Weaves for the Wall (Elle Decoration) | Katie Treggiden Skip to content

Weaves for the Wall (Elle Decoration)

This article was written 5 years ago.

Expect to see blankets migrating from beds and sofas to the walls of your home this year. As our homes become more digitalised and music, books, and photo albums follow cameras, calendars, and computers into the tiny technology in our smartphones and tablets, the question of what to fill our homes with becomes less driven by function and more about emotion. With less need for stuff, we can become more selective about the objects we choose to display in our homes and what they say about us. ‘We are surrounded by fabric from the cradle to the grave and yet it still has the power to inspire, stimulate and challenge us,’ says textile artist and designer Ekta Kaul. ‘The colour, texture, patterns and symbols of textiles all convey narratives and define identities.’


Quilts, blankets and embroidered textiles have a rich history of storytelling and have been used to mark special occasions such as births and weddings for thousands of years – and in more recent times have also been used for everything from therapy to protest. ‘Textile artforms are amazing carriers of meaning and expression,’ says Forest and Found’s Abigail Booth. ‘More and more artists and crafts practitioners are turning to textiles as a way to explore ideas through making – people connect more deeply to such a familiar language.’

Abigail Portrait 4_Photographer Credit Dean Hearne.jpg

Traditionally wrapped around our shoulders, or tucked over our beds, there is a warmth and immediacy to blankets that provokes an emotional response to art in this medium. ‘As well as being visually stimulating, textiles have a domestic quality that means people can relate to them in a way they don’t relate to formal art forms behind glass,’ explains printmaker Mark Hearld. ‘They can be used to soften the severity of architectural spaces and bring texture, richness, depth and often a sense of playfulness to contemporary interior design schemes – in times of uncertainty, people need their homes to feel like a sanctuary and textiles offer that warmth and comfort.’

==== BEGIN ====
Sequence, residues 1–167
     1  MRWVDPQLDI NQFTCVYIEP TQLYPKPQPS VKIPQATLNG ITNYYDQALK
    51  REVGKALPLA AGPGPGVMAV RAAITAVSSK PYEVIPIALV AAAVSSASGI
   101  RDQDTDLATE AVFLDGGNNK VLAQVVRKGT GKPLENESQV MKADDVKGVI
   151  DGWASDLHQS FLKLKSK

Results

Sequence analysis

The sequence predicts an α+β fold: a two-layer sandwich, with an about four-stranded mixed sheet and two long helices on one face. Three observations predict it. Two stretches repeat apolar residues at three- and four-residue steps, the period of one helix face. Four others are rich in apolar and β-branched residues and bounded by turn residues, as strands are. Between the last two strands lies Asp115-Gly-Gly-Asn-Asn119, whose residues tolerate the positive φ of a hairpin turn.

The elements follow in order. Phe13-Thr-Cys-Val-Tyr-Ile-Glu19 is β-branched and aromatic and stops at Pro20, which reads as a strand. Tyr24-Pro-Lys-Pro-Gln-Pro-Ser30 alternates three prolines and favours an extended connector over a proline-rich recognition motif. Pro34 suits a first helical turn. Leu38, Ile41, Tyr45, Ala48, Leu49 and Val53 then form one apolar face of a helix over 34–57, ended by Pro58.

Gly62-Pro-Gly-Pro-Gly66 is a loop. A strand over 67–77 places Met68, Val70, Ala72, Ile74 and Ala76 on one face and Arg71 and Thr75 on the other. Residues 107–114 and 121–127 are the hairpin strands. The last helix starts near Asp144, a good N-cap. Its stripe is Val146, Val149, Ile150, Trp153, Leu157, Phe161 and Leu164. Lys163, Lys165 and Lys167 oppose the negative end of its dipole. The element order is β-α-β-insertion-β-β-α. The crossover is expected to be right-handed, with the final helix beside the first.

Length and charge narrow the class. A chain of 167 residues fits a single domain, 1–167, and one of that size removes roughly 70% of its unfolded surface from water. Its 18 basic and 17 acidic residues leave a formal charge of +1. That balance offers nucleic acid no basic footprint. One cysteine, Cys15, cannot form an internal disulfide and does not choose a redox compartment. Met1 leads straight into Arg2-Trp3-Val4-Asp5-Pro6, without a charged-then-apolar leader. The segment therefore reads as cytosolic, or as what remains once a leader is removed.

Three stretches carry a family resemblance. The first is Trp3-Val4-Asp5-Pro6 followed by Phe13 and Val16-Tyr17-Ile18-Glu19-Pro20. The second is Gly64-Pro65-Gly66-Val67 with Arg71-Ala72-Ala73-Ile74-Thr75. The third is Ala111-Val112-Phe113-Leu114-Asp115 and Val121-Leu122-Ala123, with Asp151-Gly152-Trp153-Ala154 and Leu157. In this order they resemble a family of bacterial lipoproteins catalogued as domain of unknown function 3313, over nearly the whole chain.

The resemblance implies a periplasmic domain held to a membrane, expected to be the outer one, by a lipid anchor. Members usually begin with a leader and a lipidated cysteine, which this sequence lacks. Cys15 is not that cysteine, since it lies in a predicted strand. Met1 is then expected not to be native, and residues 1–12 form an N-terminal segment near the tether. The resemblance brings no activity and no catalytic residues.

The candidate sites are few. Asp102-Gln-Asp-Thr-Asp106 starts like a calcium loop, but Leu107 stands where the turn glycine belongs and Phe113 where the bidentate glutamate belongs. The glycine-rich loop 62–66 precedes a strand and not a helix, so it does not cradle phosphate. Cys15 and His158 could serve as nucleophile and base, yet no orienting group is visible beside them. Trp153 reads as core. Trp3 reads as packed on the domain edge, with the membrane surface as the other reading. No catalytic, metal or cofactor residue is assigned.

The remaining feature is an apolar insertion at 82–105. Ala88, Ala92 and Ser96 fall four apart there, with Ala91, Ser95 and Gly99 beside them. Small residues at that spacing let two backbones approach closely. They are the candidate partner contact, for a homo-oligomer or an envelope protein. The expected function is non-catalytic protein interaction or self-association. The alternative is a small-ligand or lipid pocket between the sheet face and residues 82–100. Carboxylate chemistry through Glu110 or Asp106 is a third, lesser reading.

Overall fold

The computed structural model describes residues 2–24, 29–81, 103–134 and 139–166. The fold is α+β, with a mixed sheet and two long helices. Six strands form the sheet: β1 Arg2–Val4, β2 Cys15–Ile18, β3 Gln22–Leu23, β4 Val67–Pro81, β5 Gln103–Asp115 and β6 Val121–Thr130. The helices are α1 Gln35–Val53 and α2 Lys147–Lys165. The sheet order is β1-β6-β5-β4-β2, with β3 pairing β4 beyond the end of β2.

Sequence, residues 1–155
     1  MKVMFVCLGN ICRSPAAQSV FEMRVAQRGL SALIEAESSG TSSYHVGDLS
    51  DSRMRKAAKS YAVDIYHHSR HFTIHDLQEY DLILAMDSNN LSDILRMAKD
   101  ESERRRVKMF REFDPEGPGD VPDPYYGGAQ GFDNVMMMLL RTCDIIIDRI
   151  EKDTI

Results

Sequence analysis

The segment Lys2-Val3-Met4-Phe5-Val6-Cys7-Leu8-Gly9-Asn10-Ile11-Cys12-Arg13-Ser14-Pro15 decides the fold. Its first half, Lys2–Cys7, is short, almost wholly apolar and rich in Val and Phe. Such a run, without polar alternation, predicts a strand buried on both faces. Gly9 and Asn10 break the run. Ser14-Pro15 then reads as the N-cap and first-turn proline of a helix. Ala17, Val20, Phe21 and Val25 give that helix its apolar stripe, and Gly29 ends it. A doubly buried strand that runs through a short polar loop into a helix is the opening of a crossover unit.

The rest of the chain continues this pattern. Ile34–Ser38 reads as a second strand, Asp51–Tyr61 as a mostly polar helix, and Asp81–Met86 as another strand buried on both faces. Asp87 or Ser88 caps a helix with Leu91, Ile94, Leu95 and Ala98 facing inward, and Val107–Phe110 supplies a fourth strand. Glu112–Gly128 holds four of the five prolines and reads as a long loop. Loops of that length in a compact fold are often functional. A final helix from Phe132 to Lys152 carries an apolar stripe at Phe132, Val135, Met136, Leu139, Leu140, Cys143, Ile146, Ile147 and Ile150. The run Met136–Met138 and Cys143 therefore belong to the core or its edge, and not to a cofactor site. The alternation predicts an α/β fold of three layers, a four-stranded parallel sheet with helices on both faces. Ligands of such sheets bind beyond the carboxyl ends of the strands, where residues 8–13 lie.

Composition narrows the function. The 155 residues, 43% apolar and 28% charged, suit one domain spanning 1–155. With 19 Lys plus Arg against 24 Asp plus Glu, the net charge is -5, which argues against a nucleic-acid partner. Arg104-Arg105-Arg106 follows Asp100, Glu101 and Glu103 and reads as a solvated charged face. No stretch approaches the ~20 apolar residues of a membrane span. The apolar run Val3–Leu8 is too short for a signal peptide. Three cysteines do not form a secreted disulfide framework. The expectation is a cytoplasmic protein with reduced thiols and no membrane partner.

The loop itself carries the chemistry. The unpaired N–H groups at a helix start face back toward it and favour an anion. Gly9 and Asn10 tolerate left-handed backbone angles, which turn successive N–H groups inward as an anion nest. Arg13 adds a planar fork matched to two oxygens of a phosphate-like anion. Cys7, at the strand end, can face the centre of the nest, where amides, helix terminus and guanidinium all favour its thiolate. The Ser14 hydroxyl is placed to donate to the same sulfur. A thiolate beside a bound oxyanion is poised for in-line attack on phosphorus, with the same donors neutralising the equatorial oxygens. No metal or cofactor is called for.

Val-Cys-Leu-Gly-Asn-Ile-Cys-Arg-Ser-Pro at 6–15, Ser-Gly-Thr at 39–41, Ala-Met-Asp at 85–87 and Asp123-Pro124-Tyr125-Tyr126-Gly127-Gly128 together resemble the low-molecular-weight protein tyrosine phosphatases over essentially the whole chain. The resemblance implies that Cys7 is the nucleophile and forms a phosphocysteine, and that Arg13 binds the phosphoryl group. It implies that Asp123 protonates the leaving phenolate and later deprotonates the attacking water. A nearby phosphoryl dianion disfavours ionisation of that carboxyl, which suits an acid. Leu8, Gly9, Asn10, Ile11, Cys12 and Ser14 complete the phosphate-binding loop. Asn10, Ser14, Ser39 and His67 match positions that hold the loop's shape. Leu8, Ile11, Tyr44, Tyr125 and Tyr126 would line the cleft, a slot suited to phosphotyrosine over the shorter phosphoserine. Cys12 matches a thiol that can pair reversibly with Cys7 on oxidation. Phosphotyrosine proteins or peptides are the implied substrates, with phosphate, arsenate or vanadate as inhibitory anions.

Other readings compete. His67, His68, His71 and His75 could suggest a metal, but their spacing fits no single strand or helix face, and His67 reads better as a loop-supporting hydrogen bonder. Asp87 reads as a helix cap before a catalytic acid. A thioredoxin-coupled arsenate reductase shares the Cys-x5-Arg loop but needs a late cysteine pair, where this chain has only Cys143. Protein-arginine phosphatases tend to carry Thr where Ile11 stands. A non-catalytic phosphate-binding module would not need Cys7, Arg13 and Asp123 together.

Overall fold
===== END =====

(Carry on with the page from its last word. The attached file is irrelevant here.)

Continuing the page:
In our ever more harried lives, they also argue for a slower pace. ‘There is a palpable sense of time in textiles-based art,’ says artist and maker Maxine Sutton. ‘The time spent making – the slowness of the textile processes – can be seen in the final piece and enjoyed by its owners, encouraging them to slow down too.’ Invest in a piece of blanket art you love and we’re sure it will be cherished for generations to come, just like the heirloom quilts of the past.


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Katie Treggiden is also the founder and director of Making Design Circular — an international membership community and online learning platform for environmentally conscious designers, makers, artists and craftspeople.
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